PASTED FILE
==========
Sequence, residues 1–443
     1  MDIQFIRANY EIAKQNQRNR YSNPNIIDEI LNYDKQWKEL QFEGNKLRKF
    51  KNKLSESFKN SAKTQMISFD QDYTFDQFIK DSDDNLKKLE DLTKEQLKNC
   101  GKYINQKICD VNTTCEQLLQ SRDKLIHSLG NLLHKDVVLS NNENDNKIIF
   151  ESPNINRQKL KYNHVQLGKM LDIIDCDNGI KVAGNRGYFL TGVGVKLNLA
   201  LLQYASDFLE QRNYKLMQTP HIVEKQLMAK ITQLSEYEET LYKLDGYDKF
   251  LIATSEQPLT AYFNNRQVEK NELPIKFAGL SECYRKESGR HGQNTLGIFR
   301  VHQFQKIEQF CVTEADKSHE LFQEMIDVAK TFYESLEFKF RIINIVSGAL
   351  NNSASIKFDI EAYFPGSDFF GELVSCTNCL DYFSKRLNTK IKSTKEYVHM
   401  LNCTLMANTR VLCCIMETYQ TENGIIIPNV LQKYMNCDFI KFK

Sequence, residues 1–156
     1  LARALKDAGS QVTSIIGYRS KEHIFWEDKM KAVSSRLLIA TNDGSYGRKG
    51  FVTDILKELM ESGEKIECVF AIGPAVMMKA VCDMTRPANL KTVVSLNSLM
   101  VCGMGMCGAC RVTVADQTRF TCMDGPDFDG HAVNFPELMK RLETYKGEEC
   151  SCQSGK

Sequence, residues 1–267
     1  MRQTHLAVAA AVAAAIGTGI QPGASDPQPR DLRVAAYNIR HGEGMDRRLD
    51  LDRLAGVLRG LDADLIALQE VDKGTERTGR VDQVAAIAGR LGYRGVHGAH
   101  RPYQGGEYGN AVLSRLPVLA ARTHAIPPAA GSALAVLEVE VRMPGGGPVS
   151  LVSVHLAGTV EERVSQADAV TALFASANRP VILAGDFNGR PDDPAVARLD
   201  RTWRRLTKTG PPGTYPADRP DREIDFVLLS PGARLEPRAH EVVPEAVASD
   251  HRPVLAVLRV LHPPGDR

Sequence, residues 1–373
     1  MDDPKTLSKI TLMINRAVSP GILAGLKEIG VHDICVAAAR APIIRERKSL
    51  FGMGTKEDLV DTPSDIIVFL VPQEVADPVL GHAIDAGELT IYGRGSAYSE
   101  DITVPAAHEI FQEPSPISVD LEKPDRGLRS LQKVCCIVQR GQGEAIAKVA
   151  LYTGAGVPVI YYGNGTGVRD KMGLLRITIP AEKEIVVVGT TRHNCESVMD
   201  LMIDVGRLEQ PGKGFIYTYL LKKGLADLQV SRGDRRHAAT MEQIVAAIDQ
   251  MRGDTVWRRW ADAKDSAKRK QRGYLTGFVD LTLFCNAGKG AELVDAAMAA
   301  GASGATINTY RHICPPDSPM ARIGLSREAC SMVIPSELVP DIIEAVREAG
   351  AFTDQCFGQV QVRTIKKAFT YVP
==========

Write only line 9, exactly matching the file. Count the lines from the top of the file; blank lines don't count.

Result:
   351  NNSASIKFDI EAYFPGSDFF GELVSCTNCL DYFSKRLNTK IKSTKEYVHM